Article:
Since it’s taken this long to get our first real snow around here, I celebrated by opening a batch of our canned mulled apple cider and sipping on it as I made this special treat for the birds tomorrow. I’m hoping I’ll catch a glimpse or two of our blue birds–they can’t seem to resist our suet. I’m reposting the recipe for all the bird lovers–remember, that fresh snow will cover what the ground feeders might typically eat. ~cameron
This morning, we are lazing on the couch for a bit before beginning out day. It has been rainy, cloudy, and cool for two days now, and I can hear the leaves rustle outside the kitchen as the birds scratch around for more feed. At this time of year, most people buy Crisco for pie crusts and fried turkeys, but I’m stocking up on it for our homemade bird suet.
One of my favorite activities is to put a bunch of seed and suet out for the birds, make a big cup of green tea, then sit on my little red stool by the back door and watch the morning feeding time. It’s amazing the birds you will attract with homemade suet. I have a pileated woodpecker about 18 inches long who will swoop in and eat until he can’t fly–he barely makes it over to another tree then hops his way up it until he can tiptoe across a branch into his hole, settling in for a nice nap, I’m sure!
Growing Grace Farm’s Recipe for Homemade Suet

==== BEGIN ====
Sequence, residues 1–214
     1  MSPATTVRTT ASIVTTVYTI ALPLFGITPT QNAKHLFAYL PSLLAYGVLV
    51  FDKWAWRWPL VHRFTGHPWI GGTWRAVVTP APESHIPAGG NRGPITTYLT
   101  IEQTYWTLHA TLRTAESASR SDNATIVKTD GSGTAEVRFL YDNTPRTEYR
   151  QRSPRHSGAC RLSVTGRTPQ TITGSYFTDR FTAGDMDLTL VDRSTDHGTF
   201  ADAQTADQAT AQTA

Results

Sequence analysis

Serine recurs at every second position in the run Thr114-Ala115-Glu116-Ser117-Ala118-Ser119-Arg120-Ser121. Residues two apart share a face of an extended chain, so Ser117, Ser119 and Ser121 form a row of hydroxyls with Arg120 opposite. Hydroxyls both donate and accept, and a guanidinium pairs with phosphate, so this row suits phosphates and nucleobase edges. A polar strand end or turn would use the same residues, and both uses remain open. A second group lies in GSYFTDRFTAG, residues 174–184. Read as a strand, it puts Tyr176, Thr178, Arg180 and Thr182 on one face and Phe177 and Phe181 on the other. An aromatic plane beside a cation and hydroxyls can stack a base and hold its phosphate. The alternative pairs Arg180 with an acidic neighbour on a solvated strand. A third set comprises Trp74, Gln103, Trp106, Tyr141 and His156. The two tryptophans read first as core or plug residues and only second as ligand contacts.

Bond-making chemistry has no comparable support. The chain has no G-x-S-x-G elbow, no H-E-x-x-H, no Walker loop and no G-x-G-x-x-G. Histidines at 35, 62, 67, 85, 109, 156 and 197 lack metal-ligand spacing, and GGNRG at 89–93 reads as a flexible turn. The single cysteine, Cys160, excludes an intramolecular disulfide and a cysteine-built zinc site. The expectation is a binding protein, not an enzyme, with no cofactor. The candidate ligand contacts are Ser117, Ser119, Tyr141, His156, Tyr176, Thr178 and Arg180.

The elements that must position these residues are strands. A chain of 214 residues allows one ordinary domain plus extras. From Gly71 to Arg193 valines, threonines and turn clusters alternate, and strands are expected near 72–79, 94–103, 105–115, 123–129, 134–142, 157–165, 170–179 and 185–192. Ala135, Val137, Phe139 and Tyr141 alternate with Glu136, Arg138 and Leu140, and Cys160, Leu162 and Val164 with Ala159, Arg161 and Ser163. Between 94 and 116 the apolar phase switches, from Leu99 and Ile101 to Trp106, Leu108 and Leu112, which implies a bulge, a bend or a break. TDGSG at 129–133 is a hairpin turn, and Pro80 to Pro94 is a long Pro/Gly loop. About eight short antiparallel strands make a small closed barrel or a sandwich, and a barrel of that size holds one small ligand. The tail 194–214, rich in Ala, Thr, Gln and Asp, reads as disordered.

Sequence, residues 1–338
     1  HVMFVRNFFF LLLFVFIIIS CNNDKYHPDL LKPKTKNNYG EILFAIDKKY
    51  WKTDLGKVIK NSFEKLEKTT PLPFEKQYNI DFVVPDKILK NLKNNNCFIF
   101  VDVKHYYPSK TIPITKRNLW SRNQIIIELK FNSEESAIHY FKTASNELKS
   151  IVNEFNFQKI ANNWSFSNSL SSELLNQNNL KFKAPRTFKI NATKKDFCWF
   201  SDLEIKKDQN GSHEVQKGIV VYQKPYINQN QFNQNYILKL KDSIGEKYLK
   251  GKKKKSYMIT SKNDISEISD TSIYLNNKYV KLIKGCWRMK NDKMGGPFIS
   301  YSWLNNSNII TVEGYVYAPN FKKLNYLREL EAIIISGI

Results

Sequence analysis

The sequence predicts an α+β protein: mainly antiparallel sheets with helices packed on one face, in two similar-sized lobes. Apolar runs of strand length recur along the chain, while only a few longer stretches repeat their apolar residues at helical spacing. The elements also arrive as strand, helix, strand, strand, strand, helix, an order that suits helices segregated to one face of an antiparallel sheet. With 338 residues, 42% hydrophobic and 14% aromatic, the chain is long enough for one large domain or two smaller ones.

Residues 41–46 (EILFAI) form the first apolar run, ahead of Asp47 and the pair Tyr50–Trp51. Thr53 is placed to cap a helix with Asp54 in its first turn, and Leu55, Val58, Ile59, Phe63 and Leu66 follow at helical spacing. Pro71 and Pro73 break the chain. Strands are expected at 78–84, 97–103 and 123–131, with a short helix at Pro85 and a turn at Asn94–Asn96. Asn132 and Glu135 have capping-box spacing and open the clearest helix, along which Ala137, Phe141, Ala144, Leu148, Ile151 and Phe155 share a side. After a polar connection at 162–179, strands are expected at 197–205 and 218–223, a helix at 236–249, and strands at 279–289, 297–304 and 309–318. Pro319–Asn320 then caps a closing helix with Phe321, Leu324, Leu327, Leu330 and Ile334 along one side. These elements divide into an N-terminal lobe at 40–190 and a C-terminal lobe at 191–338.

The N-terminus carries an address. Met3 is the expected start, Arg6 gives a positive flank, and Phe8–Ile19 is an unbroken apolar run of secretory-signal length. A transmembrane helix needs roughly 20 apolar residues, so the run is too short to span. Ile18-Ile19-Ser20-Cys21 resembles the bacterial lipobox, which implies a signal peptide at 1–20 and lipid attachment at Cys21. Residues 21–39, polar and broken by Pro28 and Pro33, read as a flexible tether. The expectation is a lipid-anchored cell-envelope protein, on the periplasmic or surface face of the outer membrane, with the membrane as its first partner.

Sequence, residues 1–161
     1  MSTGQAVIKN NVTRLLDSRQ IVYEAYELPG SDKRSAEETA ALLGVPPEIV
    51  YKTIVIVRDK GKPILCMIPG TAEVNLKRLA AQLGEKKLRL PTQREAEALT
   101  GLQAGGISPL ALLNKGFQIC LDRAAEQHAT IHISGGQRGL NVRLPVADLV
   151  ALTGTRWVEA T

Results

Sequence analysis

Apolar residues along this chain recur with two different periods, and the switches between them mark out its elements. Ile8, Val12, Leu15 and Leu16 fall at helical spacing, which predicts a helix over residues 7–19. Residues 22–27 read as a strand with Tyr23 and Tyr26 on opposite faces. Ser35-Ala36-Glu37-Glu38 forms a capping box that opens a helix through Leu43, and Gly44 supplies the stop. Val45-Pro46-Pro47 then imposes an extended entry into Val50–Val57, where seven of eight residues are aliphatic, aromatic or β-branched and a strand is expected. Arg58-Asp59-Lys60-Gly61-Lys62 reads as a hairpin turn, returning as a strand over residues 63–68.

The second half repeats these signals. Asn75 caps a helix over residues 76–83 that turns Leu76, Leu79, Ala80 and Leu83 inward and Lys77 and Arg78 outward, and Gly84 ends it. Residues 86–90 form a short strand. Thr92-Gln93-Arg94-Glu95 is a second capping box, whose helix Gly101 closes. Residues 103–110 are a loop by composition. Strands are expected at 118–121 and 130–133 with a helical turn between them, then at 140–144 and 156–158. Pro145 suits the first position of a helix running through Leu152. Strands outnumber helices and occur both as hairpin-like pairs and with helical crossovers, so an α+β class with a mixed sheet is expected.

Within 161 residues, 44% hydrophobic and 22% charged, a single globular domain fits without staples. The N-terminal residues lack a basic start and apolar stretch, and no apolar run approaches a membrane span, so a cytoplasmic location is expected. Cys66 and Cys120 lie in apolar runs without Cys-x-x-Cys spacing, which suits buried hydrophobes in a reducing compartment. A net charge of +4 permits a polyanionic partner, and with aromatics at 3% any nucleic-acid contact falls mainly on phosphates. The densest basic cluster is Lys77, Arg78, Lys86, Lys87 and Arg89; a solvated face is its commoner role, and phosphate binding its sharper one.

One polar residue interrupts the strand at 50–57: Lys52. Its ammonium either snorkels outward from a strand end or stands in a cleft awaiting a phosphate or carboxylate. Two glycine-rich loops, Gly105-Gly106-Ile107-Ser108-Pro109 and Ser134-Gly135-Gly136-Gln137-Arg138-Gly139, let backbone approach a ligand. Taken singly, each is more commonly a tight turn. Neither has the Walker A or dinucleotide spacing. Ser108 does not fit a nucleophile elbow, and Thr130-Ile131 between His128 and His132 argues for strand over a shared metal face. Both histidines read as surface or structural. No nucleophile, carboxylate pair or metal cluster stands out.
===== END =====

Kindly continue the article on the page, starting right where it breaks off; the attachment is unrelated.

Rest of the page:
Key point: do not add too much peanut butter as it can clog the throats of birds
In a large soup pot over medium heat, melt a canister of vegetable shortening (I never use animal shortening). Add two heaping spoonfuls of peanut butter. Stir until completely melted and blended. Remove from burner.
Using plastic containers from your recycling bin, pour melted suet mixture into containers. NOTE: Allow mixture to cool a bit before pouring into plastic containers (yes, I learned my lesson the hard way a few years ago). Stir a bit to incorporate seed. I typically use 4-5 containers filled 3/4 full.
Place in freezer until completely solid. Remove containers as you need them for birds.
Twist container until the suet pops out. Hang/put outside in feeder.
Sometimes, if the shortening/peanut butter mixture is a bit warm upon placing in freezer, I will go back and stir one more time after about 20 minutes when it has begun to thicken. This final stir will ensure that seed is mixed all the way through and not just on the bottom.